By Joanne Bailey-Boorsma
So what does the Black & Decker Dustbuster vacuum have to do with the exploration of space?
It actually has to do with drilling. Black & Decker was tasked with creating a self-contained drill capable of extracting core samples for the Apollo program. The company later would use the drill’s computer program to develop the cordless miniature vacuum cleaner.
It this type of “spin-off” technology that the space program has on everyday life, said U.S. Senator Gary Peters, who made a stop in Grand Rapids to celebrate the Gerald R. Ford Presidential Museum’s current exhibit “SPACE: A Journey of our Future,” which runs through May 29.
“We know that when we invest in science, we will get a higher return for taxpayers,” Peters said.
And as the Ranking Member of the Senate Subcommittee on Space, that higher return is something Peters and the Subcommittee are banking on with the mission to Mars.
“Similar of what you think about President Kennedy — I am sure you have studied this in that President Kennedy made the claim that we would get to the moon by the end of the decade and really set this goal, this bar of which everyone one was trying to achieve,” Peters said to a group of high school students during a lecture at the Gerald R. Ford Presidential Museum.
“The same thing is happening to the Mars mission in it is in the process of moving forward.”
While the Mission to Mars is still about 15 years away — the target year is 2030 — the work toward making that happen has lead to innovation not only through out the United States, but right in Michigan, Peters said, adding that several Michigan companies are involved in developing technology and even constructing the SLS rocket that will carry the astronauts to Mars.
In the “SPACE: A Journey to Our Future,” there is an up-close look at NASA’s new Constellation Program with a model of the Ares I launch vehicle and the Orion crew capsule, which is planned to be used in in the Mission to Mars. Other highlights of the traveling exhibit including a Lunar Habitat, where visitors can experience what it would be like to live and work on the Moon, a look at the Hubble telescope, an illustrated timeline 0f NASA’s 50 years of space exploration, and the multimedia 360-degree “Future Theatre.”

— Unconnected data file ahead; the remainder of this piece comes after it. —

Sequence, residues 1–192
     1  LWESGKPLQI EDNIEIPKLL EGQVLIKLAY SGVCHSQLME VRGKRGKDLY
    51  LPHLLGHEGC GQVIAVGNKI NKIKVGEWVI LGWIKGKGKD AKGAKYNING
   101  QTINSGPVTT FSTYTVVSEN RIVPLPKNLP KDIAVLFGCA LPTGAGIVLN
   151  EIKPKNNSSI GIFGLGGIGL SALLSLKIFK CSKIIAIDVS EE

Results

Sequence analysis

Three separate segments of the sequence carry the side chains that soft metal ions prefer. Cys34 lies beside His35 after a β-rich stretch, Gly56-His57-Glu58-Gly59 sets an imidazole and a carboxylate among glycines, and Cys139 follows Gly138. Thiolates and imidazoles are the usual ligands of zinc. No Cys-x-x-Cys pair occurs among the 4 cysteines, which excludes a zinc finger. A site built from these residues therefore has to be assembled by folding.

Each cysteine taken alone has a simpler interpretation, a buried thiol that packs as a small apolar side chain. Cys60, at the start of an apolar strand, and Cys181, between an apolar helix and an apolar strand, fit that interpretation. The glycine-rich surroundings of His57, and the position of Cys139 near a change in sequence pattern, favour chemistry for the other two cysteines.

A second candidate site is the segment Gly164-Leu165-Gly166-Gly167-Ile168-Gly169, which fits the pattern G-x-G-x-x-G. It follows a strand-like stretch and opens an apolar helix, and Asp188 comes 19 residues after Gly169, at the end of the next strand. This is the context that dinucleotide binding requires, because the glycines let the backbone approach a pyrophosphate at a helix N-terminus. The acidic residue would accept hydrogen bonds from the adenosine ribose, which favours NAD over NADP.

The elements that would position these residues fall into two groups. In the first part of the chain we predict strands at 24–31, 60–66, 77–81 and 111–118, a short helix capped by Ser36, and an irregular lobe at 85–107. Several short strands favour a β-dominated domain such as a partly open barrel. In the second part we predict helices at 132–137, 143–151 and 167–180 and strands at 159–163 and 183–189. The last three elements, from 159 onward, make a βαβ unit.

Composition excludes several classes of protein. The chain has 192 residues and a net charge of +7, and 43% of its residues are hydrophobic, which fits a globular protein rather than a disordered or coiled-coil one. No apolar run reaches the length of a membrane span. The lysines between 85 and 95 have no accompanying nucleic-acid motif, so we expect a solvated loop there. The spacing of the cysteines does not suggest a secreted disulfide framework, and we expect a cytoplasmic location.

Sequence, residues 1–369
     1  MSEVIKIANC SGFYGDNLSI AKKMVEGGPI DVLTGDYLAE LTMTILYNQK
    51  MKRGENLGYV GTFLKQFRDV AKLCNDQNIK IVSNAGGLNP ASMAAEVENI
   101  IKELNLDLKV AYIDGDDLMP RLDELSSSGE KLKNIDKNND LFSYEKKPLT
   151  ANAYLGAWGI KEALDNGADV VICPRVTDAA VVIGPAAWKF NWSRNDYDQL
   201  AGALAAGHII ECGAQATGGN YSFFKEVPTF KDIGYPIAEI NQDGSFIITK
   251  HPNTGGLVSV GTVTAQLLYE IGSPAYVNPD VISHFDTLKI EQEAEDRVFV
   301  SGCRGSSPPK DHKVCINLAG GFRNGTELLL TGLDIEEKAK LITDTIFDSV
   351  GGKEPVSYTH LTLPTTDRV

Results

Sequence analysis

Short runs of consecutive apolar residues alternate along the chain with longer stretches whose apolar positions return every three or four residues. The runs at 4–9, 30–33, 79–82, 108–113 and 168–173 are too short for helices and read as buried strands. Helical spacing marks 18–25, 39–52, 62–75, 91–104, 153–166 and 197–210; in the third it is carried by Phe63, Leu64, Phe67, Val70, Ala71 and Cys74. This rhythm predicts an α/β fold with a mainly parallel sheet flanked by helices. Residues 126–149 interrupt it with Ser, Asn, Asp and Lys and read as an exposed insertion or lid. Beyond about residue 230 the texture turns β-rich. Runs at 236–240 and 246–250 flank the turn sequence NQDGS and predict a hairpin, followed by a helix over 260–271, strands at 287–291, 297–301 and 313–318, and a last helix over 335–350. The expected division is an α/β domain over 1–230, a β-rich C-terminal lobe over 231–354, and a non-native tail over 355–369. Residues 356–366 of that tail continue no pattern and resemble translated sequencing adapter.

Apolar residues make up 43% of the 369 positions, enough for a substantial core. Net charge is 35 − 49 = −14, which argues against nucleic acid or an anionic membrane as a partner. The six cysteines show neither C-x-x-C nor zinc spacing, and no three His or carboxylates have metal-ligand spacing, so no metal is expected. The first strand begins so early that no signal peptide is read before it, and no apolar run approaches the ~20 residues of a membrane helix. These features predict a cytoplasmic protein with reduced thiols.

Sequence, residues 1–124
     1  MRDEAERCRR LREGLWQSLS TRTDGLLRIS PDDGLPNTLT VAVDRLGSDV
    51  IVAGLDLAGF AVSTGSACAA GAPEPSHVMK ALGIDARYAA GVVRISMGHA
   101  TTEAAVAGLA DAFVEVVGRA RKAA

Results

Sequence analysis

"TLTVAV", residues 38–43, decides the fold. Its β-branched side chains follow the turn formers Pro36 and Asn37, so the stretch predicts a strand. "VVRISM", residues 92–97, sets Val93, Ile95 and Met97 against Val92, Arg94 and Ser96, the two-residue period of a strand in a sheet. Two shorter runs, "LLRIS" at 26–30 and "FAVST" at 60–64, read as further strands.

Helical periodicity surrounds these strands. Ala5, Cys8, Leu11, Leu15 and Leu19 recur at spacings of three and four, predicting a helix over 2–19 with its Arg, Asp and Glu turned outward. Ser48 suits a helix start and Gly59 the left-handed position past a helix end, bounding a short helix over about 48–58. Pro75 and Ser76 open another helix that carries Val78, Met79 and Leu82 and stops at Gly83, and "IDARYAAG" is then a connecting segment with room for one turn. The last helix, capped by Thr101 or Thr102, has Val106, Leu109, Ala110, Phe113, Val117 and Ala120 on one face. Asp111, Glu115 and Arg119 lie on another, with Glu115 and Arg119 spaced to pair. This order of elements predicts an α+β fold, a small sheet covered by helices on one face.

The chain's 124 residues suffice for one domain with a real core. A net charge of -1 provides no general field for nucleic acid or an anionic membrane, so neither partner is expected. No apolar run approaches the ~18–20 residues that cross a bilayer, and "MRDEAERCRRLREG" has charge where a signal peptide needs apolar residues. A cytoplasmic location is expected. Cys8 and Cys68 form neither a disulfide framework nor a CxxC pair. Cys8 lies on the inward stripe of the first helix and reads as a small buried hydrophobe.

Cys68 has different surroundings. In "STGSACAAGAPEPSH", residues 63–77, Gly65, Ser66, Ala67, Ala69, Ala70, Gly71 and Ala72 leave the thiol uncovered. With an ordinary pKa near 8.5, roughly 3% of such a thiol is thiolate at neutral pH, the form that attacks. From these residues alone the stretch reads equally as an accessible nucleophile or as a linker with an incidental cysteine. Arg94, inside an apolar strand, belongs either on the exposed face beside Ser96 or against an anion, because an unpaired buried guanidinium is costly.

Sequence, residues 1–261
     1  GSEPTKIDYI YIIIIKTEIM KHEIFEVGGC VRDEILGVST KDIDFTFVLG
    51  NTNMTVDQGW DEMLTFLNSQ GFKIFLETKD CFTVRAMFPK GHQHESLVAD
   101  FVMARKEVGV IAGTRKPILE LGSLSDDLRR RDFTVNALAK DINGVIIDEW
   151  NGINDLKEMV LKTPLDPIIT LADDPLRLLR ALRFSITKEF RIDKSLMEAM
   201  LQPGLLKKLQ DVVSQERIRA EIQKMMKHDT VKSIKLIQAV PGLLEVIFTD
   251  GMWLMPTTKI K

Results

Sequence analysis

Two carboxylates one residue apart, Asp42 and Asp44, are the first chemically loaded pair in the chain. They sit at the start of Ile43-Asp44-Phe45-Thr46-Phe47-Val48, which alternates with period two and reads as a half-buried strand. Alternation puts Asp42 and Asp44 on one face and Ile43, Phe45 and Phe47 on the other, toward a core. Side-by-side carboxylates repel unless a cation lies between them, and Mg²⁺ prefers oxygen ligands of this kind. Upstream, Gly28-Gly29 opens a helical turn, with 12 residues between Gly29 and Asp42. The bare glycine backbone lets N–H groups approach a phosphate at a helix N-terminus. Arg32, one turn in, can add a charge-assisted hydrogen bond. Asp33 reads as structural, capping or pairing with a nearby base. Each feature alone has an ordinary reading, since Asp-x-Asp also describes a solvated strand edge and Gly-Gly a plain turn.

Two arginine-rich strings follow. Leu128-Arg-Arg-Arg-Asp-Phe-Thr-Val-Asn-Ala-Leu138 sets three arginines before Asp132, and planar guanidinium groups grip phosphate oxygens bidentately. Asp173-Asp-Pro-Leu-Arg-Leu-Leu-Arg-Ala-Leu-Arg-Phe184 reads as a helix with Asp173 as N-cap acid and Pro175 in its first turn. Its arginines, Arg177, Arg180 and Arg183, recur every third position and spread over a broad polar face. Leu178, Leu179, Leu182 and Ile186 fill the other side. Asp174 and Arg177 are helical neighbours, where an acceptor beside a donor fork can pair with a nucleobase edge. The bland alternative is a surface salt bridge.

Peters discussed some of these items in the lecture such as it being a costly venture to have people living on the moon, but that NASA is looking to use the moon as sort of a laboratory by pulling an astroid into the moon’s atmosphere so as to be able to study it and its components.
“It is believed that astroids that slammed into the earth brought the basic building blocks for life,” Peters said, adding it is exciting to be able to study those “seeds of life.”
The Hubble Space Telescope has served the United States well bringing incredible images, but soon the James Webb Space Telescope — scheduled to be launched in 2018 — will study the phases in history of the universe. “It is said that if the James Webb telescope was on earth, pointing to the moon, it would be able read the heat signature of a single bubble bee…that’s how powerful it is,” Peters said.
All of these advancements lead to new technology such as autonomous or self driving cars, which could impact space programs on a variety of levels, Peters said.
“We do not know what the next big thing is,” Peters said as he talked about research and advancements. “We know that if we continue to invest in the basic chemistry, basic biology, basic physics, that kind of basics that are being done in our research universities, of which Michigan has several in Grand Rapids and throughout, that it will lead to the next big thing that will transform life as we know it know.”
“SPACE: The Journey to Our Future,” which explores the past, present and future of space exploration, is at the Gerald R. Ford Presidential Museum, 303 Pearl St. NW, through May 29.